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Using crafts to teach science through English

 

What could be more cross-curricular than a lesson where pupils use English to learn about science by making a simple craft? Marcelino Palacios and Paco Santos Juanes suggest a highly creative way of learning about the water cycle. In order to carry out the activity you will need to download the worksheets by clicking on the links or visiting our Links and Downloads section.

   

One successful way to stimulate an interest in learning a foreign language is to involve pupils in hands-on activities which provide an opportunity to practise listening, speaking, reading and writing skills in a meaningful context. Arts and crafts can really help us to achieve this goal, as well as all the other numerous advantages they bring to the English language classroom. In a mixed-level class they can give pupils who have difficulties understanding the language a visual reference. Also, language is recycled through the repetition of the words and structures when giving instructions (Take a piece of paper, fold it in half, be careful with your scissors, etc). And of course, children love arts and crafts. Their self-esteem soars with a little praise and they’re proud to take their creations home to show their parents. But with the increasing profile of other content areas in the English classroom, crafts can play an even greater role. The water cycle Let’s look at an example where the use of arts and crafts will help in the process of teaching English and science at the same time.

 

The water cycle

         
Let’s look at an example where the use of arts and crafts will help in the process of teaching English and science at the same time.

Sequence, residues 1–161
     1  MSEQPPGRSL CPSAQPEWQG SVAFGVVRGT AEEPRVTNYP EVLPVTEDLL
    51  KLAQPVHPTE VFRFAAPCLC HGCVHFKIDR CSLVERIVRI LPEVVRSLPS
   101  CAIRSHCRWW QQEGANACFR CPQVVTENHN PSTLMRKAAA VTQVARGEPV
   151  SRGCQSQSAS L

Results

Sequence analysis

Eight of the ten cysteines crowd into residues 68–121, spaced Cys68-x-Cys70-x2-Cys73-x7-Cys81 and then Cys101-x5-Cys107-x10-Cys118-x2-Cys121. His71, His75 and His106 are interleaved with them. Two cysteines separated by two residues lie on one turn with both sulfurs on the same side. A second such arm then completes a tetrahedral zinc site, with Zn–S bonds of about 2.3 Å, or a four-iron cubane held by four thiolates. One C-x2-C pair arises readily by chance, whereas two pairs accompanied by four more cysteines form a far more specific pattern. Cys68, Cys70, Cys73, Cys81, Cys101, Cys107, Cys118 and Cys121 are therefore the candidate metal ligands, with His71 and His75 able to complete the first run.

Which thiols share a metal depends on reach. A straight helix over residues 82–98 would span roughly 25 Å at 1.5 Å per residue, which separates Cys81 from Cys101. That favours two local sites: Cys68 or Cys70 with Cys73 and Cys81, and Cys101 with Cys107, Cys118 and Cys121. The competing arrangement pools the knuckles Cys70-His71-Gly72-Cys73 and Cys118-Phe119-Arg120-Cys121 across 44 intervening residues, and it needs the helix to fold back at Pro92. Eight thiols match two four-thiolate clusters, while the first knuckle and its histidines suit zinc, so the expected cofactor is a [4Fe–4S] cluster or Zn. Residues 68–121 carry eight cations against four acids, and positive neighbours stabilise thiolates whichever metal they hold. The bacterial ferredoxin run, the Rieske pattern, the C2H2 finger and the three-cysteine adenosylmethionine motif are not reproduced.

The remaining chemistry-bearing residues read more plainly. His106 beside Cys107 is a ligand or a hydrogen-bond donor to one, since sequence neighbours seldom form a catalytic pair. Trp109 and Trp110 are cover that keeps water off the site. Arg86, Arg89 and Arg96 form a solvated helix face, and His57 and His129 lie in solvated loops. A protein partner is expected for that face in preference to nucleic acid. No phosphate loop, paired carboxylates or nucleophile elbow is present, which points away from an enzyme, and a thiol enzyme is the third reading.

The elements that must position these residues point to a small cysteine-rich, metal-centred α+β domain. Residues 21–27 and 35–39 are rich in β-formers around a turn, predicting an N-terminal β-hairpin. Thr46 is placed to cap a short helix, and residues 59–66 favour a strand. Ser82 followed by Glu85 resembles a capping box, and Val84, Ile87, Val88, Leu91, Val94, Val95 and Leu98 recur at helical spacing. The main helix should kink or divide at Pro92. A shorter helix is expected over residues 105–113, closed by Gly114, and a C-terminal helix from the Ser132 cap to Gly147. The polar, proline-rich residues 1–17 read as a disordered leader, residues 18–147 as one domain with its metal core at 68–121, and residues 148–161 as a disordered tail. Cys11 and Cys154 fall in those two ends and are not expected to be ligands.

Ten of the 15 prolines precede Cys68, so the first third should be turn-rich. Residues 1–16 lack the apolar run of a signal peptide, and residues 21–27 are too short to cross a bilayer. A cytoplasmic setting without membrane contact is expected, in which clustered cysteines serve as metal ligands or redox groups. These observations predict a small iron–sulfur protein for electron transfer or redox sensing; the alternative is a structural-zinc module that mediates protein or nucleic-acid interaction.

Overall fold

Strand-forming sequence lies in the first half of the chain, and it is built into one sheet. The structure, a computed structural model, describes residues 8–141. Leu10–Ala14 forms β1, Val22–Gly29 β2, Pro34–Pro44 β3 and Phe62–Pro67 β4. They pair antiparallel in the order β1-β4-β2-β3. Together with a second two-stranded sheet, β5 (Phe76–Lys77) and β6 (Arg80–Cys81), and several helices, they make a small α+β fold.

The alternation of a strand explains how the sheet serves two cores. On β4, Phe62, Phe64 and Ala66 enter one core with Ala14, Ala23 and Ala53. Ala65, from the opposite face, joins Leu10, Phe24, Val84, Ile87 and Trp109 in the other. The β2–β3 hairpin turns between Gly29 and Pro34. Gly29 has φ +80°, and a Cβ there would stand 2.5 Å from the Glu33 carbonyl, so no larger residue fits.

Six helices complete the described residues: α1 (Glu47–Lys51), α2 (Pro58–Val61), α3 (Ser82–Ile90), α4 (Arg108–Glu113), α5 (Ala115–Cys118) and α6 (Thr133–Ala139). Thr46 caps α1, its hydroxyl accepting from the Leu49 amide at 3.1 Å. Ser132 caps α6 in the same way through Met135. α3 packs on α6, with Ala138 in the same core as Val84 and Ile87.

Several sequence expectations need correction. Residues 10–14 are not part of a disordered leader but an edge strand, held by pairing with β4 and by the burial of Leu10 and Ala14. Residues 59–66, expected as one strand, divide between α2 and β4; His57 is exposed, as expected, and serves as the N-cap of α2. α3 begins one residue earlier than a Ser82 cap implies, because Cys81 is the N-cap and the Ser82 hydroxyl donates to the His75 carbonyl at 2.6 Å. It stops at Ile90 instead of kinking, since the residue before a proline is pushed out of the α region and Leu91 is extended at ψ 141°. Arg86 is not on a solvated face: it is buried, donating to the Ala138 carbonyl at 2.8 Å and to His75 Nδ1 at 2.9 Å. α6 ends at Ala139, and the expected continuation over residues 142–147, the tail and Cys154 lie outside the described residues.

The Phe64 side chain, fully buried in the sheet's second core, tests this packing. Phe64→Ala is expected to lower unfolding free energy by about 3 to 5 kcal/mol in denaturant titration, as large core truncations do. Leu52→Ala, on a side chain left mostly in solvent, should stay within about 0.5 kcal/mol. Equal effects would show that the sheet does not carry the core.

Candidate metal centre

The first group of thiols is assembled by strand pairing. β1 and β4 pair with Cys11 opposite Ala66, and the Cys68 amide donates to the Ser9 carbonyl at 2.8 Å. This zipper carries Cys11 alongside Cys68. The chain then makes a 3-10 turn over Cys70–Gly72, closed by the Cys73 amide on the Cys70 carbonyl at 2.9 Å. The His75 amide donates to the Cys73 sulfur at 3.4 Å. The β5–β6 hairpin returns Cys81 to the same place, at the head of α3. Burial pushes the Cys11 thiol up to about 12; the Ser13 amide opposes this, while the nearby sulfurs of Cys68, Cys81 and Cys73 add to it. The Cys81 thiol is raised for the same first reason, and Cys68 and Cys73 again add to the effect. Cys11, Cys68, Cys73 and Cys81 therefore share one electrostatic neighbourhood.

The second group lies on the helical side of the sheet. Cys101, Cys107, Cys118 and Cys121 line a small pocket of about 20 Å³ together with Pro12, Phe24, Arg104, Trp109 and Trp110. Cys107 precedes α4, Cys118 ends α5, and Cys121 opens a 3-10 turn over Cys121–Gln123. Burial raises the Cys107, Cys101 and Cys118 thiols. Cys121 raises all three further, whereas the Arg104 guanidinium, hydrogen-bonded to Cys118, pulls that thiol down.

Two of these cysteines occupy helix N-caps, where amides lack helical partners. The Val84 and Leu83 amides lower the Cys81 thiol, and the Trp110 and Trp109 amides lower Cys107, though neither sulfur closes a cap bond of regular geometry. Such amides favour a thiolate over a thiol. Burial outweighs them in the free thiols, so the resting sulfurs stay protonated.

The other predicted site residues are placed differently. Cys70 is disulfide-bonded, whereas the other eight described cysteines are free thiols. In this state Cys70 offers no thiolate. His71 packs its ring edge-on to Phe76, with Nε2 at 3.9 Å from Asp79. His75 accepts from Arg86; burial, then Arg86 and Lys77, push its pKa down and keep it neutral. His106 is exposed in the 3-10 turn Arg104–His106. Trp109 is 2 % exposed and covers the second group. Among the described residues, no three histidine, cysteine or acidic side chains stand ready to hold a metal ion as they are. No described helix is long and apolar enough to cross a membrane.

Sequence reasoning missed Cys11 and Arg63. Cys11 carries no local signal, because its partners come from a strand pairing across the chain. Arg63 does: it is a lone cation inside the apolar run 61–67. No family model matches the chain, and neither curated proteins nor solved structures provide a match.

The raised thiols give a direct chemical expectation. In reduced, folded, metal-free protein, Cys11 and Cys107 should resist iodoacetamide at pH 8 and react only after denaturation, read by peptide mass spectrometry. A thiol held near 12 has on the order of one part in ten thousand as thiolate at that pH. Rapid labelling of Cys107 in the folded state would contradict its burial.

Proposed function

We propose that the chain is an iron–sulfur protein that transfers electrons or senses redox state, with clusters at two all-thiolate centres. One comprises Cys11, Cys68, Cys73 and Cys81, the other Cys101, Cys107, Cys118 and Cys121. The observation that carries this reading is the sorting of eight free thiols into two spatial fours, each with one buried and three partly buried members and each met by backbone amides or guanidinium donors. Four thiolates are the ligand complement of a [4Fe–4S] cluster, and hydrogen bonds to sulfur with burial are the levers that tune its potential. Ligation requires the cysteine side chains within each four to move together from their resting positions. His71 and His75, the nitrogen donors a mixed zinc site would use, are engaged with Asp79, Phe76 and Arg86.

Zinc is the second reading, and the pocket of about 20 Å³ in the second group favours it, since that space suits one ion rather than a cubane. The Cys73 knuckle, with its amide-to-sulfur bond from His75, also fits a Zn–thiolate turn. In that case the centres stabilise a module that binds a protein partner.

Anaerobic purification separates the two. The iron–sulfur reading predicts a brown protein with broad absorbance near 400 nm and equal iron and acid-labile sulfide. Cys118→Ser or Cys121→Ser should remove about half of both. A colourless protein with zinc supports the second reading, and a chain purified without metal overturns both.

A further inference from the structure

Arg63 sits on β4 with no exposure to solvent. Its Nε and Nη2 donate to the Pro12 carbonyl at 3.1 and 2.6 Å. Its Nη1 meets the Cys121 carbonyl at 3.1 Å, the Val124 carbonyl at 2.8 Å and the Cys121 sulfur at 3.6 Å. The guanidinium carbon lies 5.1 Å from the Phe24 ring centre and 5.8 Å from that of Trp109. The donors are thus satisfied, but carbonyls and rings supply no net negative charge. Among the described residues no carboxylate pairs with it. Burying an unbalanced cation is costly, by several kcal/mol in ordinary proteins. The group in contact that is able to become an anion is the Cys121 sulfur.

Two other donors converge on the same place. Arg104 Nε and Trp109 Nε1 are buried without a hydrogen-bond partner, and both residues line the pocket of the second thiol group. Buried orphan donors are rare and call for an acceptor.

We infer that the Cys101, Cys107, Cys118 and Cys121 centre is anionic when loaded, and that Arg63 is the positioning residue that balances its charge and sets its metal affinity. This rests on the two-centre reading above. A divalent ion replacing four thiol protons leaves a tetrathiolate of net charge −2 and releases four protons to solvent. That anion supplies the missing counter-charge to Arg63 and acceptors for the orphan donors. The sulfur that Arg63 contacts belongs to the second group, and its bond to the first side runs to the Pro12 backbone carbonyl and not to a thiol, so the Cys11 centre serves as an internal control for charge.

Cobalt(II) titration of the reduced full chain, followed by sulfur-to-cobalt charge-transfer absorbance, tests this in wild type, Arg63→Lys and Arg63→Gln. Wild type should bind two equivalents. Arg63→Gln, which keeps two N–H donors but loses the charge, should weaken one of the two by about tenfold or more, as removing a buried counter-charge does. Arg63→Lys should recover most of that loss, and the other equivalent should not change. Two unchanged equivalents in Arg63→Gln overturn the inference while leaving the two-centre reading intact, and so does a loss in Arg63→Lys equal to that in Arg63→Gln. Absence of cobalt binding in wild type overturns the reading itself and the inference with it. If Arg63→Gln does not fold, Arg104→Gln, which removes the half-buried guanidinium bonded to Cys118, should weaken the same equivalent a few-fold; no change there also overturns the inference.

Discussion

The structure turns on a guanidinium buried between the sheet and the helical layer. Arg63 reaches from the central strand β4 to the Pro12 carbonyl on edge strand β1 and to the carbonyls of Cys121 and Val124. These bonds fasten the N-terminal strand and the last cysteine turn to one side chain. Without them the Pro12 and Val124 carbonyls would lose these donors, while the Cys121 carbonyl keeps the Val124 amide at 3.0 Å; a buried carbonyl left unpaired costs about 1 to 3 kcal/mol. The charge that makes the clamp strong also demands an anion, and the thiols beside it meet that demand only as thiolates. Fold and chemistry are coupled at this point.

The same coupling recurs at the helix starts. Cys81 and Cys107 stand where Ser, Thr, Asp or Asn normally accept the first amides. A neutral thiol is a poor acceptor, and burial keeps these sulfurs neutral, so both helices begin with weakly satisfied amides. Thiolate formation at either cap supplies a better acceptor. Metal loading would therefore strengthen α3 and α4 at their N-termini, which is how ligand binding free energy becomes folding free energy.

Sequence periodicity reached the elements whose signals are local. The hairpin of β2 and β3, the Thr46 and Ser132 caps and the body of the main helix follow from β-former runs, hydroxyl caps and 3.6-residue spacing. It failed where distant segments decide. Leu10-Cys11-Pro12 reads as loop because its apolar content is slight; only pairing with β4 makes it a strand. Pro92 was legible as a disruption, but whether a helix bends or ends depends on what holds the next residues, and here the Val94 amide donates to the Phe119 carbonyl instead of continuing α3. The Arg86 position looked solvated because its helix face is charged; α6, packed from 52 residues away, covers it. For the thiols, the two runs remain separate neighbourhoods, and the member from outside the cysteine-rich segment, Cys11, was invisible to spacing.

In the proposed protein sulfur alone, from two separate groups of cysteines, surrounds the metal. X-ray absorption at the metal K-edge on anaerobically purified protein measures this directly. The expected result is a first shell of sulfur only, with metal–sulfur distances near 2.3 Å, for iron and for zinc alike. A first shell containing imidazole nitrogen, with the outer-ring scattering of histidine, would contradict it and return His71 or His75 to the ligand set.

Aim: to introduce or revise the water cycle.

Materials: coloured pencils, scissors, glue, worksheets

Duration: 50 minutes

Language focus: the water cycle: evaporation, condensation, precipitation, collection. Other related vocabulary: heat evaporate, cloud, cold, blow, rain, collect

      

• Preparation

   

1. The teacher introduces the vocabulary using the Picture dictionary worksheet 1, using the children’s first language if necessary.3. The children match and glue these pictures to the Picture dictionary worksheet 2, taking care to glue only where it says ‘glue here’.


2. The children follow the teacher’s instructions, firstly to colour the worksheet and then cut the pictures out.

 

3. The children match and glue these pictures to the Picture dictionary worksheet 2, taking care to glue only where it says ‘glue here’.


4. The teacher explains how the water cycle works by drawing pictures on the board related to each stage of the cycle.

 

       

• Making the water cycle craft

 
1. Cut out the square from Worksheet 3. It is divided into four numbered triangles.

      

      

2. Fold corner A of the square to corner C (with the picture on the outside).

      

     

Then fold corner B to corner D (so that the pictures on triangles 1 and 2 are on the outside).